The same standard should apply to Arévalo. She raised the issue of sending one’s kids to public school, while she herself is a graduate of private Catholic schools. Should a Catholic school education only be available to families who can afford tuition or qualify for a scholarship? She should also explain to voters what she is doing to get information about the quality of public schools in her district.
Knowing where a candidates’ children go to school, and where the candidates themselves went to school when they were growing up, helps voters know what perspective they are coming from. As one of my friends commented, “They need to have a published list for politicians . . . who send their kids to public vs. private!” That would be interesting reading.
No, It Doesn’t Matter Where a Candidate’s Kids Go to School
On the other hand, we don’t know the details of Martinez Fischer’s family situation. Is it really any of our business?
For more than a year, I was homeschooling my son, F.T., while working as an advocate for charter schools. (In my defense, for part of that time, F.T. was on a charter school waiting list.) Does that make me a hypocrite? I was doing the best I could for my family with the resources available to me. My son receives special education services; in theory, all public schools should offer him the services he needs, but as a practical matter some schools just can’t accommodate him.
Rather than focusing on where they send their kids to school, perhaps it would be more meaningful to judge the candidates based on their voting records. It’s not possible to make direct comparisons on particular votes because they did not serve in the legislature at the same time, but we can make inferences from key votes during their respective tenures.
On May 16, 2013, Martinez Fischer voted for an amendment to SB 2 that would have delayed expansion of charter schools. Earlier in 2013, TCTA named Martinez Fischer a Friend of Education. The same year, Northside ISD named Martinez Fischer a Pillar of Citizenship. More information about Martinez Fischer’s voting record is available from Teach the Vote (ATPE).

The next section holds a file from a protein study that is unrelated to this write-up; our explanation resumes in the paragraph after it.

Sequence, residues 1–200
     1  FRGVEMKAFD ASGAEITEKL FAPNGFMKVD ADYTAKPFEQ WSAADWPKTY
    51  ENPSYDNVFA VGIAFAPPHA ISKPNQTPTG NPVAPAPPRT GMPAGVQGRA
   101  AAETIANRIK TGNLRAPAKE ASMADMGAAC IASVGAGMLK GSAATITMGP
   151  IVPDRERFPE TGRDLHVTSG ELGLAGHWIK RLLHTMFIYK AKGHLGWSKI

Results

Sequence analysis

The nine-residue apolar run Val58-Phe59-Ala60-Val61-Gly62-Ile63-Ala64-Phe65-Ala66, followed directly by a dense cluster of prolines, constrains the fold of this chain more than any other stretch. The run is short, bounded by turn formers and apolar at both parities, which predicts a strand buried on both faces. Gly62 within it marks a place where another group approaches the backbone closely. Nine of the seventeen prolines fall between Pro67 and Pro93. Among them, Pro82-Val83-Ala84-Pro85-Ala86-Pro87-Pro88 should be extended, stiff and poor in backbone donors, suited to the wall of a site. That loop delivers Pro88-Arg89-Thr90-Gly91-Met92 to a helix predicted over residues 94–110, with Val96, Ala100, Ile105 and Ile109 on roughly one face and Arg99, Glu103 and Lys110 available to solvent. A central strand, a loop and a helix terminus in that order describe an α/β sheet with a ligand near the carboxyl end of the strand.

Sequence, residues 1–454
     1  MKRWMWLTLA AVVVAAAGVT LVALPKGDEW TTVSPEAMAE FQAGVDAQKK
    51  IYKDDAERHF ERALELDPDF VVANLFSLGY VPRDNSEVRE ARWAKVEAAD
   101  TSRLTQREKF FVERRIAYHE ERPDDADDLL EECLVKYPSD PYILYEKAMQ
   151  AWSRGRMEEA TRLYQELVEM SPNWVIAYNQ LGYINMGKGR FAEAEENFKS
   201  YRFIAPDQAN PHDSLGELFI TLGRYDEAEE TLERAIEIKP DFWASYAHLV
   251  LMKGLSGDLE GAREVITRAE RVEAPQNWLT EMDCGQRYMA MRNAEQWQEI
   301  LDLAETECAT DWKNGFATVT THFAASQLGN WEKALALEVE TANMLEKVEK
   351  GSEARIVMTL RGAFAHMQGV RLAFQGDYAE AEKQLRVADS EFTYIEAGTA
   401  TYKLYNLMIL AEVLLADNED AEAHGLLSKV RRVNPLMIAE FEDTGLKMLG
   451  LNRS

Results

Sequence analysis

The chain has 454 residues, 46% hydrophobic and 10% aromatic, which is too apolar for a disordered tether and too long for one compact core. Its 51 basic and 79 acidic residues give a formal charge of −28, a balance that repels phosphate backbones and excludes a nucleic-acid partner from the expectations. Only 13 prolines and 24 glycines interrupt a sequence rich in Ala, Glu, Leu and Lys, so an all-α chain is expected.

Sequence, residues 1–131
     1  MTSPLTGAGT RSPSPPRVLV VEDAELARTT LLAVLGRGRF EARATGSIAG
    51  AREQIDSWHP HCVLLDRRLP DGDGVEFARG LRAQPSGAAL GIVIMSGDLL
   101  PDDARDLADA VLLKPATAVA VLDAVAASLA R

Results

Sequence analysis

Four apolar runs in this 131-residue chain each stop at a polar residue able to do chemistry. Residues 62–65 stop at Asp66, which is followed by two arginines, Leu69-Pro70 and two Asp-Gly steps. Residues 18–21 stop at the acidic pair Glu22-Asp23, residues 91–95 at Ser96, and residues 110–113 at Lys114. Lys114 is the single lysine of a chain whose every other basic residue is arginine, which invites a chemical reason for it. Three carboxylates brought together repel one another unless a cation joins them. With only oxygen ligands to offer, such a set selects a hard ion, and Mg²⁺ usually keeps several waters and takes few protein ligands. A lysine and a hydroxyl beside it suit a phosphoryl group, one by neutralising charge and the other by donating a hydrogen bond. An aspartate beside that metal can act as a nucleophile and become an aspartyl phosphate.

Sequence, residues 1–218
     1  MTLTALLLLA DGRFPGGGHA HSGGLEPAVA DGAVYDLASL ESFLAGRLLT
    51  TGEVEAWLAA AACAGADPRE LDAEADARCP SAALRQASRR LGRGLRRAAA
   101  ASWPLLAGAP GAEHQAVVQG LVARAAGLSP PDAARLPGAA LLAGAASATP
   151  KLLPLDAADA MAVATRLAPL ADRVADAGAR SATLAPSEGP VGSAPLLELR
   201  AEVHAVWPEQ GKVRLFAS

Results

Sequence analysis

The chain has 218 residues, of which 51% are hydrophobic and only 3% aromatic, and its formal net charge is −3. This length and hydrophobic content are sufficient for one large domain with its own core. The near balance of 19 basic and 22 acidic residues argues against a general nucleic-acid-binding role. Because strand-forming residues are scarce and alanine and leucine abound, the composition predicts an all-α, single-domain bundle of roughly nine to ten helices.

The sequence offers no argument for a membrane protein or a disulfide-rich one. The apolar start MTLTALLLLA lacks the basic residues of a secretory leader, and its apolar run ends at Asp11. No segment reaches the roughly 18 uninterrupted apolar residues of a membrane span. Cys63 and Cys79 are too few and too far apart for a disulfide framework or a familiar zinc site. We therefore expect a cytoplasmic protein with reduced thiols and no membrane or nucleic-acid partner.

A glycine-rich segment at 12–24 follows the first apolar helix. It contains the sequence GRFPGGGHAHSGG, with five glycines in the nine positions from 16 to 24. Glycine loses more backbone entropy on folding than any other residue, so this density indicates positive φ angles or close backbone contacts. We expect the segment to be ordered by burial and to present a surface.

Arévalo is still in her first term in the legislature. Notably, she voted in favor of HB 22 to modify the accountability system. This bill was a compromise that got support from both education reformers and traditional public school districts. (However, some public education advocates would like to get rid of A-F accountability ratings altogether.) Would Martinez Fischer have voted differently? It’s hard to say. More information about Arévalo’s voting record is available from Teach the Vote (ATPE).
Ultimately, we have to trust parents that they know what is best for their children. If Martinez Fischer has enrolled his children in private school, then I trust that he is making the best choice their for their future. But do Arévalo and Martinez Fischer trust the parents who live in District 116 to make decisions about their own children’s education? Parents need to speak up and get their message across to these candidates.
- “District 116 race: Public-school advocacy vs. private-school parenting,” Gilbert Garcia, San Antonio Express-News, February 3, 2018
- “Let Arevalo continue her good work,” Susan Sabino, San Antonio Express-News, December 14, 2017
- “Straus departure will factor into Martinez Fischer campaign,” Gilbert Garcia, San Antonio Express-News, December 5, 2017
- “What They Said: What I Learned from Conversations with Texas Educators,” Diego Bernal, Medium, August 18, 2016